One of the most unique experiences of visiting the Blue Lagoon is the in-water massage. Suspended in the soothing warmth of a private section of the Blue Lagoon, you float on the tranquil waters of one of the wonders of the world during a massage experience.
Ólafía Jensdóttir began working at Blue Lagoon in 1996. By then, the water’s healing powers had been researched and formally recognized, and had given rise to a line of skincare. A clinic had also been built on the shores of the lagoon. Psoriasis patients came there for treatments that were based on the curative properties of geothermal seawater and the medicinal radiance of ultraviolet light therapy. Every Wednesday, Jensdóttir, who had been trained as a massage therapist, would administer bench massage inside the makeshift clinic facility.
In January of 2000, after the remodel of Blue Lagoon, Jensdóttir received a call from Magnus Jakobsson, a Blue Lagoon employee whose primary responsibility was first aid training.
“He called me one day,” says Jensdóttir, “and asked me, ‘Can you come and massage a lady who wants to have a massage in the water?’ And so I came over and sat on the steps of the lagoon and did just a little massage. Maybe ten or twenty minutes. And then I went home.”
Though the woman had been sitting upright as she received her massage, Jensdóttir instantly recognized the possibilities enabled by transposing the techniques of indoor bench massage to the outdoor arena of the lagoon’s rejuvenating warmth and the mesmerizing beauty of the surrounding landscape.
Several weeks later, Jakobsson called her again with a similar request. The fundamental challenge of an in-water massage was figuring out how to give a full body massage in the water. Administering massage while sitting on the steps just wouldn’t do justice to the vision that had taken shape in her mind.
“I remember that when the first lady came and I sat on the steps and massaged her shoulders, I remember thinking, ‘This is so incredible.’ Because I was so fascinated with all nature, all the elements. And this had it all: earth, water, fire, air, and space.”
Several weeks later, Jakobsson called her again. Magnea Guðmundsdóttir, Blue Lagoon’s Director of PR, wanted to offer this emerging form of massage every Sunday.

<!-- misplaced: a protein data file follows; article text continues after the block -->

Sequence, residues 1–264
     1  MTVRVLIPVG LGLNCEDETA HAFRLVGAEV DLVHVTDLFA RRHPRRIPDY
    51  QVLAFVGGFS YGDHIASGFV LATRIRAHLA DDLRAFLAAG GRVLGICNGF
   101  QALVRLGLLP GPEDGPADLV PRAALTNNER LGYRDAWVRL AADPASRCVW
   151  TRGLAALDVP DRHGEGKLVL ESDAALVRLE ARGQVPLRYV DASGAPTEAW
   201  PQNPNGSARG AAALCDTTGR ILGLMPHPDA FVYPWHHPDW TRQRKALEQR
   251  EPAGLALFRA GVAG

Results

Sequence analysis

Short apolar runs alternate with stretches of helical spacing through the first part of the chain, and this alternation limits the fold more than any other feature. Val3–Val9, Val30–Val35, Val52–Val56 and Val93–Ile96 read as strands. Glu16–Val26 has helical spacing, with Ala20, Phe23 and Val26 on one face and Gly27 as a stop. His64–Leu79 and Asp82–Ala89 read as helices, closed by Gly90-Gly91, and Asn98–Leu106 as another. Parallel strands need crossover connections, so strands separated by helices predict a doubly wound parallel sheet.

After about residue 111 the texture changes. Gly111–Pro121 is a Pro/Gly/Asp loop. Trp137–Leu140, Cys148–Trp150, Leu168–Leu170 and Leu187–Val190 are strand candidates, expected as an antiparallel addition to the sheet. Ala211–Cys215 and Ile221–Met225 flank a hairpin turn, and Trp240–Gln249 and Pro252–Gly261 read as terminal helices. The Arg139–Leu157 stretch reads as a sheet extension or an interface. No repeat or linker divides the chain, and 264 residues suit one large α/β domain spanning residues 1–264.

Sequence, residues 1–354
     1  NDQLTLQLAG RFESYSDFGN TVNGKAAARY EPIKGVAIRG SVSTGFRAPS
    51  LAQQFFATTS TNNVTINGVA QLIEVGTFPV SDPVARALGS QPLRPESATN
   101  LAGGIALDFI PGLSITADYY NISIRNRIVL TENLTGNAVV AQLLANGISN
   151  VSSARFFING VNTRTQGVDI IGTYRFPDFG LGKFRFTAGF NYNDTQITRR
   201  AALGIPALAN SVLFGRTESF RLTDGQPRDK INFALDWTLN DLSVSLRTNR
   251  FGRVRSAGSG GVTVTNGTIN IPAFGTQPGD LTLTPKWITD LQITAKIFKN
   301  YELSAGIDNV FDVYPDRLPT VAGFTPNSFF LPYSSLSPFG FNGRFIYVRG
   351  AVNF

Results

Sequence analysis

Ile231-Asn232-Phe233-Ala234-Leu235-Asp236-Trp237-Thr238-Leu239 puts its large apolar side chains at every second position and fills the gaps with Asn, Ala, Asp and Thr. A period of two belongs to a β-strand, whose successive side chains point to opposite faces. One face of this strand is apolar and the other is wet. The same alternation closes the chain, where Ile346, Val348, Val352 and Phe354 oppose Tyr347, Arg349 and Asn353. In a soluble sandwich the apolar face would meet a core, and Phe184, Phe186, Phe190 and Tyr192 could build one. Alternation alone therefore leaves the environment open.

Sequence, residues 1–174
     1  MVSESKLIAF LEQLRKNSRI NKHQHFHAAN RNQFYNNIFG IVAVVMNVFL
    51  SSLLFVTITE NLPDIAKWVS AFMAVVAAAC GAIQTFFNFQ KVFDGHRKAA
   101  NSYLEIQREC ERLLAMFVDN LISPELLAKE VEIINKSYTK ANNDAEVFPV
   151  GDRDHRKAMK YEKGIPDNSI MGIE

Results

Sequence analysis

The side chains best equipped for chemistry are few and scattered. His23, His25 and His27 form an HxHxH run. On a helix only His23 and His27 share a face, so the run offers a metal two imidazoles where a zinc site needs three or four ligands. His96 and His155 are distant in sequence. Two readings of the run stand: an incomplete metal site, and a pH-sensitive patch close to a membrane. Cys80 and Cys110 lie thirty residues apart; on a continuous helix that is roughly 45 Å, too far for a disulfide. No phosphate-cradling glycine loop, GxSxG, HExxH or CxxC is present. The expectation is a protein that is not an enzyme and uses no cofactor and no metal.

“I would sit on the steps,” says Jensdóttir. “It was Sundays for one or two months. But it grew and grew and then it was all days. And all of this made me very excited. I wondered how I could make it better. I wanted to do more. I wanted to be able to do a full body massage in the water. But I was unsure how. I was trying different ideas, experiments with floating, but none of it worked.”
Then one day, after she had finished a yoga session at home, she looked at her yoga mat and a question entered into her mind: Could this be used as a floatation device for in-water massage?
“And I took it with me to the Blue Lagoon and I put it in the water and went to take a shower. And I decided that if it was floating when I came back from the shower, I would try to use it for making people float. And that was the real beginning of in-water massage.”
However, Jensdóttir still had a few challenges to overcome. The weather in Iceland is notoriously unpredictable and Jensdóttir did not want to limit these experiences to times when the weather was compliant. In order to overcome this, she used a blanket. This allowed the person being massaged to float and also remain comfortable no matter the weather.
“With the introduction of the blanket, I felt I was getting closer to my goal,” says Jensdóttir. “But I still needed something for people to lay their heads on. So I took an inflatable armband—a baby floaty—and cut it in half and tried that and I felt that this was another piece of the puzzle. I was improvising the whole way.”
This new form of massage, which was undergoing incremental enhancements catalyzed by Jensdóttir’s creativity, became so popular so quickly that additional therapists were hired specifically for in-water massage. And Jensdóttir quickly shared the technique with her colleagues.
With the extraordinary rise of in-water massage at Blue Lagoon, the concept soon outgrew its location. Thus, a new location in the lagoon dedicated solely to the in-water massage was created.
Today, Jensdóttir still lives in Grindavík. She is a practitioner of Polarity Therapy. Though she’s no longer a massage therapist at Blue Lagoon, she is proud of the legacy she left and marvels at Blue Lagoon’s meteoric ascent as an epicenter of Icelandic travel destinations.
Have you received an in-water massage at Blue Lagoon? Let us know in the comments below!